“Temptation is present in the music” is how Octavio Cardenas, director of Opera Santa Barbara’s (OSB) upcoming Carmen, explains the appeal of Bizet’s 1875 masterwork. According to Cardenas, Don José, the young soldier who falls in love with a dangerous gypsy, is not just drawn to Carmen’s evident sexuality but also the fact that she is “a person who likes her freedom.” He wants to be part of the gypsy life, an outlaw who “doesn’t answer to anybody.”
Although popular culture may have reduced the opera’s two most famous tunes — the “Habanera” from Act I and the “Toreador Song” from Act II — to the stuff of cartoons, when heard in their original context as part of this thrilling story’s relentless advance, they regain the fascinating aspect of dangerous temptation to which Cardenas alludes. There’s a sense of an erotic eagerness for doom in Carmen that translates the German concept of liebestod (“love death”) into a combination of Spanish (the music and the setting) and French (the language).
For mezzo-soprano Leann Sandel-Pantaleo, the role of Carmen arouses mixed feelings. “As a mezzo,” she said, “it’s obviously very important because there are only a few leads written for our voices. But as a woman, and especially as a Protestant farmgirl like me, it’s a real challenge. You are onstage almost the whole time, which is fine, but the character expresses so many things that are ugly and does so many things that are unsympathetic that it can be hard for me to match her aggression and still connect with the audience.”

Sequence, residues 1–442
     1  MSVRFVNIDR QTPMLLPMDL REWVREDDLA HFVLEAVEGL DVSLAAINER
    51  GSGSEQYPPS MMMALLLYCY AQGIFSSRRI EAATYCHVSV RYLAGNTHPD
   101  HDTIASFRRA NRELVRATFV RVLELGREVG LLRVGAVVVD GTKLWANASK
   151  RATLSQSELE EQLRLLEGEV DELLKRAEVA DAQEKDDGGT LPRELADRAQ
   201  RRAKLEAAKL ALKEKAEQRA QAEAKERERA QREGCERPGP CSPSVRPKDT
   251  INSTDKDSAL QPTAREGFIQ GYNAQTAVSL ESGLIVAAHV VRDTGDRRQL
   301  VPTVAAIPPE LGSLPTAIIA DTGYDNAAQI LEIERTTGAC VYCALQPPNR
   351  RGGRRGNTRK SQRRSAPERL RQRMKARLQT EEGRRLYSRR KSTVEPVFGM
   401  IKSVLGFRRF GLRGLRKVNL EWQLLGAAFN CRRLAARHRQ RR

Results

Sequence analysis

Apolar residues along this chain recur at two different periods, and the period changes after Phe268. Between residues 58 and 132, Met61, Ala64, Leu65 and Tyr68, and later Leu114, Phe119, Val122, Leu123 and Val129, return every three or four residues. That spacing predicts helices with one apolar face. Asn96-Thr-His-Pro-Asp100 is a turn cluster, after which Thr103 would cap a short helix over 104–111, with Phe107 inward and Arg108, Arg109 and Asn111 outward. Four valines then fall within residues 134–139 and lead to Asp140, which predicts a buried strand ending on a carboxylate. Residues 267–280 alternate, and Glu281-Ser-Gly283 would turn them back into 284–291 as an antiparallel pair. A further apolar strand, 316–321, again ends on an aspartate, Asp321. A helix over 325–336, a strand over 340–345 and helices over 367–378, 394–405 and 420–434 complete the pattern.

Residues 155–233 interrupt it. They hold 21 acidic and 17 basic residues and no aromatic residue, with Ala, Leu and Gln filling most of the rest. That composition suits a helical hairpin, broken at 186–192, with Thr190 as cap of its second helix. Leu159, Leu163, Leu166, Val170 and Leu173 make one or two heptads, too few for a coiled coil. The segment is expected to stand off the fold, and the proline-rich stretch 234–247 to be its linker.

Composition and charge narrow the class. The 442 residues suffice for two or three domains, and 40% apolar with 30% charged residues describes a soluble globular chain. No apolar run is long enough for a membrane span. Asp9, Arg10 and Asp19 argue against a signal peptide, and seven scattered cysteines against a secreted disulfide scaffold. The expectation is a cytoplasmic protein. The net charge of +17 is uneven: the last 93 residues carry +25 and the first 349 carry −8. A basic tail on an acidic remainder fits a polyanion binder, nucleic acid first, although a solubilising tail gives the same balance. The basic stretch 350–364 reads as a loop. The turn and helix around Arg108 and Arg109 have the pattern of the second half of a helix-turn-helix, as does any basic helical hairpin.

Sandel-Pantaleo cited the duet in Act II between Carmen and Don José as a high point in the drama, saying that with tenor Harold Meers, her Don José, she has enjoyed approaching the scene with a fresh vision. Under Cardenas’s direction, the pair has plunged into the maelstrom of passion without bringing baggage from other productions along. Of Meers, Sandel-Pantaleo said, “He has a lovely tenderness to his voice, and he’s not married to one way of doing things.”
Opera Santa Barbara Artistic Director Kostis Protopapas will conduct what is sure to be a thrilling performance. Jeanine De Bique will sing the role of Micaëla, and Keith Phares is the toreador Escamillo. By all means, go to OSB’s Carmen, but don’t expect Bugs Bunny — this version has been built to restore the shock that accompanied the opera’s debut more than 100 years ago. “We are trying to bring the violence to life and to make every character, even Micaëla, come across as realistic,” said Cardenas. So watch out — and enjoy the temptation of the great and terrible Carmen. — Charles Donelan
Opera Santa Barbara presents Carmen Friday, November 4, 7:30 p.m., and Sunday, November 6, 2:30 p.m. at the Granada Theatre (1214 State St.). Call (805) 899-2222 or see operasb.org.